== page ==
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Fed Chair Yellen Stays On Message In Second Day Of Testimony

By Kitco News
Wednesday July 16, 2014 10:08 AM

Editor's Note: This article will be updated on an ongoing basis during the question and answer period of Yellen's testimony.

(Kitco News) - As expected, Federal Reserve Chair Janet Yellen did not change her prepared statement for her second day of congressional testimony, this time before the House Committee on Financial Services.

However, markets will still play close attention to Yellen’s answers during the question-and-answer portion of the hearing.

According to analysts, Yellen was fairly neutral and revealed no surprises about the central bank’s monetary policy outlook as she testified before the Senate U.S. Senate Committee on Banking, Housing and Urban Affairs Tuesday. Analysts are expecting Yellen to stay on message during the second hearing.

“We expect little change in the tone of Yellen’s remarks, though we caution that Yellen could use the second day of testimony to lean against any unexpected market reaction to her comments on Tuesday,” said Gennadiy Goldberg, U.S. strategist at TD Securities.

Yellen Reiterates Fed Doesn't See Asset Bubbles In Financial System

Right away Yellen was on the defensive regarding the Federal Reserve’s independence. Atlhough Yellen said that she meets with the Treasury secretary often, she added that she still sees the Federal Reserve as completely independent of the executive branch.

Yellen also reiterated that the central bank is committed to normalizing its balance sheet and monetary policy over time, but she couldn’t give an exact timeline of when the Fed will start decrease its balance sheet.

“We are discussing our principals of normalization of our policies. We will be able to give more guidance later this year when those discussions are resolved,” she said.

The Federal Reserve can appear to be formulaic during normal economic periods, but the central bank still needs the flexibility to address, said Yellen. She added because of the uncertainty in the economy, the central bank should not be “bound to a mathematical formula.”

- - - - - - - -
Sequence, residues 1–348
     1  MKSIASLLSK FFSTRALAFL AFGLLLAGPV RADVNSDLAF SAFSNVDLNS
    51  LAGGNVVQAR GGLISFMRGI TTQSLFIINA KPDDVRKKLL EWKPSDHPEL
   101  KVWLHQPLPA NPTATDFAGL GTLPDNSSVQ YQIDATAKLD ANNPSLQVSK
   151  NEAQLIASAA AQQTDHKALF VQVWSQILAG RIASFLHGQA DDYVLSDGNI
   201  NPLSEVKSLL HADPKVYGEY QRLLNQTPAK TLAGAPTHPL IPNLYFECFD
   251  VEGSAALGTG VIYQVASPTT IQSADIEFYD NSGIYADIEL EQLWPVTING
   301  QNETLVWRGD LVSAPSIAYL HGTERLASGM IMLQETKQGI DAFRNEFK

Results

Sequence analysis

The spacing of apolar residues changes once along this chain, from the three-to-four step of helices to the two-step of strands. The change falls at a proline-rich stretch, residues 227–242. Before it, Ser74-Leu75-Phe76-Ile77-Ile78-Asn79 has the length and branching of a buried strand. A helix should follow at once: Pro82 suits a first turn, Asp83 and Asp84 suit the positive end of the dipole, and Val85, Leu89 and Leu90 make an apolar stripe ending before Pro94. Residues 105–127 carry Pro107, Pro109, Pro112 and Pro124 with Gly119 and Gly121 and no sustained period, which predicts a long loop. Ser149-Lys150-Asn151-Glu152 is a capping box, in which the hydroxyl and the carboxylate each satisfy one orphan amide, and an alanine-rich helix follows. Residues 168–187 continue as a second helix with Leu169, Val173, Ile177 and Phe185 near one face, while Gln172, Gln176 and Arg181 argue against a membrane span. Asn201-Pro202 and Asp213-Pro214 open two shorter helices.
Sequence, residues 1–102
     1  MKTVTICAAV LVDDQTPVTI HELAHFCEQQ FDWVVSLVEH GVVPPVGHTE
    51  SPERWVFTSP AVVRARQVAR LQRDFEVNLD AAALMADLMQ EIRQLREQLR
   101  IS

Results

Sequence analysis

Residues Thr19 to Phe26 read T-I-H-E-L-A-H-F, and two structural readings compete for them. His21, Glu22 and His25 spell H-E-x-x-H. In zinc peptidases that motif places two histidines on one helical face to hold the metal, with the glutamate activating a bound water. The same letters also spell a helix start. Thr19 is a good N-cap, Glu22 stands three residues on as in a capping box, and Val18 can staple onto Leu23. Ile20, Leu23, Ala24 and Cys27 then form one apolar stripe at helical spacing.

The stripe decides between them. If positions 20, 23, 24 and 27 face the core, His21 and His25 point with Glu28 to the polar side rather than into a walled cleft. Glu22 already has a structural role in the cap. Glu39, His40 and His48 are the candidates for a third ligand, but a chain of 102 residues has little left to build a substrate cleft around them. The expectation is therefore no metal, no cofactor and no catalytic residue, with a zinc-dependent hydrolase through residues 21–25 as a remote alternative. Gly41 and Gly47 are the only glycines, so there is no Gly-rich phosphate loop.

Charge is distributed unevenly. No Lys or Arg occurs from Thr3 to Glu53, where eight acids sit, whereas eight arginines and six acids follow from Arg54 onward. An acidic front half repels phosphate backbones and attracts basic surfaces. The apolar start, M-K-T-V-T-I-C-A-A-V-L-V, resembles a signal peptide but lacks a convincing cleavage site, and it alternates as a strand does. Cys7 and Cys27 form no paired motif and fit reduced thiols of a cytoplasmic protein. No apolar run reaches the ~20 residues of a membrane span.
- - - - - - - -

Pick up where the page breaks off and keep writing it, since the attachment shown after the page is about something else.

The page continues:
Yellen remains extremely neutral on when the Fed could start to raise interest rates. She said that it is the Fed’s intention to conclude its asset purchases after the October meeting and would only say that rate hikes will be dependent on the state of the U.S. economy and the labor market.

Changing dynamics in the labor market, including an aging population, are having an impact on the participation rate; however, Yellen said that there are indications that the exceptionally low rate is more than simply an aging population retiring.

Yellen continues to reiterate that the central bank does not see asset bubbles forming in the financial system. She said that threats to the financial stability are at moderate levels and are not out of line with historical norms.

"There may be pockets of stretched valuations, but not generally," she said. 

She added that the Federal Reserve doesn’t have a target for equity price.

Energy markets and supplies are most at risk as geopolitical tensions remain high, and could have an impact on the U.S. economy, said Yellen. She added that although U.S. financial systems are not directly impacted by the increased tensions, global unrest can cause risk aversion sentiment to rise, which can have an impact on the sector and the U.S. economy.

Technological changes play a role in widening the wage gap, but overall systemic weaknesses in the economy is having the biggest impacting the labor market, said Yellen.

She added that as the economy improves, they are expecting to see a general improvement in the labor market. Technological advances create “some winners and losers,” but she also said she thinks there are there are opportunities for technology and traditional jobs to grow together.

Because the U.S. recession was the result of a financial crisis, the recovery has taken much longer than other post-war economic downturns, said Yellen.

Yellen said that she expected the housing sector to show signs of a recovery and is surprised that it hasn’t already. She explained that higher mortgage rates last year halted the initial progress made in the sector and it hasn’t been able to get back to those levels.

Looking at some of the factors, Yellen said that fewer mortgage approvals and supply issues in the construction sector could also be factors that have hampered the housing recovery, however, she couldn’t give a clear answer as to why the sector is not stronger.

By Neils Christensen of Kitco News; nchristensen@kitco.com



Disclaimer: The views expressed in this article are those of the author and may not reflect those of Kitco Metals Inc. The author has made every effort to ensure accuracy of information provided; however, neither Kitco Metals Inc. nor the author can guarantee such accuracy. This article is strictly for informational purposes only. It is not a solicitation to make any exchange in precious metal products, commodities, securities or other financial instruments. Kitco Metals Inc. and the author of this article do not accept culpability for losses and/ or damages arising from the use of this publication.
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